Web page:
Tuesday, November 9, 2010

Julie Otsuka | When the Emperor Was Divine | 2003

Dear Girl,

First of all, I hope that you are doing well. You were always so headstrong and independent. After you got out of the internment camp, you seemed to have lost all your spunk and your liveliness. The last time I saw you, I recall not being able to see any sparkle in your eyes. I did see though, how much more independent you have become. Is it because you feel like you cannot depend on anyone else anymore? You were forced out of your home and everything changed. Your dad was gone. He was taken away from you and could not be there to protect you. You know that it was not his fault. He did not ask to be taken away in the middle of the night, without any time to change out of his bathrobe and slippers. You acted indifferent about your father and that you re ally did not care whether he was gone or not. You told Ted Ishimoto that your dad never wrote you any letters. That was a lie. I know that you are angry and hurt, but I think that you need to forgive your father. He really does care for you. If he could, I know that he would never want to leave your side. He loves you.

In the camps, you never wanted to spend any time with your mom or your brother. You were always off with your friends: dancing, playing bingo, jump roping, secretly smoking. Did you also feel betrayed by your mother? Like your father, you wanted her to be there to protect you. She was supposed to maintain the home and create a safe, happy place to live. That internment camp was not a home. She made you and your brother pack your belongings and leave your house. She was the one who took you away to that awful place. I hope you understand that she could not prevent it from happening; it was a governmental order. She could not break the law, but please realize that if she had the power, she would never wish for this to happen to you.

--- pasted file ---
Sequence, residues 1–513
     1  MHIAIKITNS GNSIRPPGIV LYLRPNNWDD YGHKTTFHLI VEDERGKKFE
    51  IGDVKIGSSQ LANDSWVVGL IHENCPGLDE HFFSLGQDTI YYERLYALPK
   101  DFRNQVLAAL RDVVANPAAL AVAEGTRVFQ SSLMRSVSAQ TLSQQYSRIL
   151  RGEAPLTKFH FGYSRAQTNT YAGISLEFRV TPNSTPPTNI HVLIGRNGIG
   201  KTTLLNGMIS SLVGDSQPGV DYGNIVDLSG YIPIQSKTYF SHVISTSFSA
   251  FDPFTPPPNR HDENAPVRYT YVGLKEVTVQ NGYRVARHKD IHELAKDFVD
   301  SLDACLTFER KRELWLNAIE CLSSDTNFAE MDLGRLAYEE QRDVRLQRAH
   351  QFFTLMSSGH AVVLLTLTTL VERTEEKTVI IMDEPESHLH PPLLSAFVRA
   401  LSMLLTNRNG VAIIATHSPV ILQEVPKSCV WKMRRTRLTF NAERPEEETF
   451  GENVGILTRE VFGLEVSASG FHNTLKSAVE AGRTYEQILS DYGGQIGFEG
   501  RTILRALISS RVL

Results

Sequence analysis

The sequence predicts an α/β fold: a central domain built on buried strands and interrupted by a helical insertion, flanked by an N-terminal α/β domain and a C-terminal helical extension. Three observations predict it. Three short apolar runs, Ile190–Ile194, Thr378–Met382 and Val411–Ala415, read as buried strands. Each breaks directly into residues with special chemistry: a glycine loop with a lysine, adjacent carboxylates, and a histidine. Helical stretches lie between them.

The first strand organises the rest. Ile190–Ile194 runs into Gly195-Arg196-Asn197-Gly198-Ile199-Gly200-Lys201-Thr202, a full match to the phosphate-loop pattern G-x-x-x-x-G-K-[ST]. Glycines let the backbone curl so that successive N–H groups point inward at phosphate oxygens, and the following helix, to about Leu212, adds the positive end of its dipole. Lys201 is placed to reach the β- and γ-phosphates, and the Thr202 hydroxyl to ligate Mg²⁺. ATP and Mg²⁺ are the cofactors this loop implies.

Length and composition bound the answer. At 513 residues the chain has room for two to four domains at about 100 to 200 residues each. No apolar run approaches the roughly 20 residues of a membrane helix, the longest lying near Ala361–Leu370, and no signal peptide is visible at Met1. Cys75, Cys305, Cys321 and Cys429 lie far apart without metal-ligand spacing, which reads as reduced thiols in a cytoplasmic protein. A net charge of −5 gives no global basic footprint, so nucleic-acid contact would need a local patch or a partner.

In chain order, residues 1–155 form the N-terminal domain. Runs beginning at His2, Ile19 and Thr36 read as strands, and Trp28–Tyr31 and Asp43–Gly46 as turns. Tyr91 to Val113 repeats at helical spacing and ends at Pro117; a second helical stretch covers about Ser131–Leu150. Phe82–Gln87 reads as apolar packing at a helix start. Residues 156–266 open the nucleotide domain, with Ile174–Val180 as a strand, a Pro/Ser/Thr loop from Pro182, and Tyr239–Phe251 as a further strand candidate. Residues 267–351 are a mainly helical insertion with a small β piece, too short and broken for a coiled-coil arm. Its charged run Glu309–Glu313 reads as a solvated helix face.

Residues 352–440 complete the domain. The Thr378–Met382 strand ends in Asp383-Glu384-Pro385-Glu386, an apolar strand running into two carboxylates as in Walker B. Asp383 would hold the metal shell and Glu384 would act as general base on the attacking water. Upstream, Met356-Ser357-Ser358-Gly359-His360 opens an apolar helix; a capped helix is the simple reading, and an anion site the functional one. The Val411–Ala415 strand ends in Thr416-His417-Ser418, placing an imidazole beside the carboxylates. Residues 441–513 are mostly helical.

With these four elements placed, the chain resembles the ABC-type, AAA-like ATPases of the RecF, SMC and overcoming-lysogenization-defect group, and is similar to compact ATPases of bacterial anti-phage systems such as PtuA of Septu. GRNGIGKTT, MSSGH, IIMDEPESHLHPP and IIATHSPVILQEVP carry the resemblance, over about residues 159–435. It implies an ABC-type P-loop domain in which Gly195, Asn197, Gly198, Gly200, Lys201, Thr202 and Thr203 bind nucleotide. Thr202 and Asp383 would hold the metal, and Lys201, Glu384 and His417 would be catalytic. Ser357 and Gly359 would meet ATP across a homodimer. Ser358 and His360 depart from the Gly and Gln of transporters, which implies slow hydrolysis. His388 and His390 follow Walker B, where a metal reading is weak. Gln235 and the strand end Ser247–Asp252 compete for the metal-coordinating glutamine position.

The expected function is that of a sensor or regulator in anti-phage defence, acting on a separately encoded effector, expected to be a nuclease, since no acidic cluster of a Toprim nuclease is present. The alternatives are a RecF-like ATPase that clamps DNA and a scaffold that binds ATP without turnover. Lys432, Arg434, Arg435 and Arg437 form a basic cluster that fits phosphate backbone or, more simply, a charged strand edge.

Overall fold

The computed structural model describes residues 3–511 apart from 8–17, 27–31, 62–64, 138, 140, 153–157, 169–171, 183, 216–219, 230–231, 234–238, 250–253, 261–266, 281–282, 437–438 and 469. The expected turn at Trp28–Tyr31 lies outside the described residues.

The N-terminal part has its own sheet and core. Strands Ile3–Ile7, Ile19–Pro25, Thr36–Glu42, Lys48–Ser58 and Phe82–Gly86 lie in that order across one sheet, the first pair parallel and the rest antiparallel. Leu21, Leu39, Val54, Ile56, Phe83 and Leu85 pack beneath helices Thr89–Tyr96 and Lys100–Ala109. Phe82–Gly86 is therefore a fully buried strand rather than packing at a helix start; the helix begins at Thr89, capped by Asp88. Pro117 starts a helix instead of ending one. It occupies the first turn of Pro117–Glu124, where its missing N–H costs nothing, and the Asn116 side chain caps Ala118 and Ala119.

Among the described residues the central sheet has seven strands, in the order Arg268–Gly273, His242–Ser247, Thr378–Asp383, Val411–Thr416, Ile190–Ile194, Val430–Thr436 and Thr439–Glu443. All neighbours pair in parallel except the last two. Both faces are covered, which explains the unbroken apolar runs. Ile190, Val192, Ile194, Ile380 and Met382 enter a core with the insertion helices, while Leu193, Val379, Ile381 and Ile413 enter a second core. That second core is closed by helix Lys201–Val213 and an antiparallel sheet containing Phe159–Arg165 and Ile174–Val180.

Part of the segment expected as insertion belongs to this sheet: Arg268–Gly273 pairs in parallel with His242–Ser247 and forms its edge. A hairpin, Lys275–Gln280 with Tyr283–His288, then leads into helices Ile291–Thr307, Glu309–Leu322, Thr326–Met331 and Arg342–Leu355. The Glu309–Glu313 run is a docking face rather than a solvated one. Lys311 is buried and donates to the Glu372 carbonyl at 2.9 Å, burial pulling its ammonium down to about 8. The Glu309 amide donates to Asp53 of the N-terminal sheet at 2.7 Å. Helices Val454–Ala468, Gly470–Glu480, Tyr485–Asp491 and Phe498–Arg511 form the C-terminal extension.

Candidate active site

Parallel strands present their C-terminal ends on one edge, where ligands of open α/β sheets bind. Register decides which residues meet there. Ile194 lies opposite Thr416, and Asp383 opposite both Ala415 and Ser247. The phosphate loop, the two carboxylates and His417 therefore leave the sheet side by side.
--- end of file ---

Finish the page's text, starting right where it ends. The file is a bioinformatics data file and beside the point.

I bet you felt frustrated all the time. You were going through puberty at the time and you felt awkward and uncomfortable. You were struggling with newfound feelings and your body was changing. Not only were you struggling with the pain of puberty, but you also felt the weight of an inner turmoil that most kids your age never had to deal with. You were ashamed of your ethnicity, your heritage, and your face. Why did you have to be different? Why did everyone hate you? Why did you have to be Japanese? At the time, you would have given anything to be anyone else. Once again you blamed your parents. From the beginning, everything that happened was their fault. They were the reason you were so despised in the first place. They were the ones who made you Japanese. Please learn to forgive them, but most of all please learn to love yourself. You are beautiful. You always talk about how pretty you think your mother is and if she is as lovely as you say, because she is your mother, you are every ounce as lovely as she is.

Girl, take my words into consideration. All I want is to see that sparkle come back in your eyes. Please take care so that maybe one day I can see you exactly as you were before.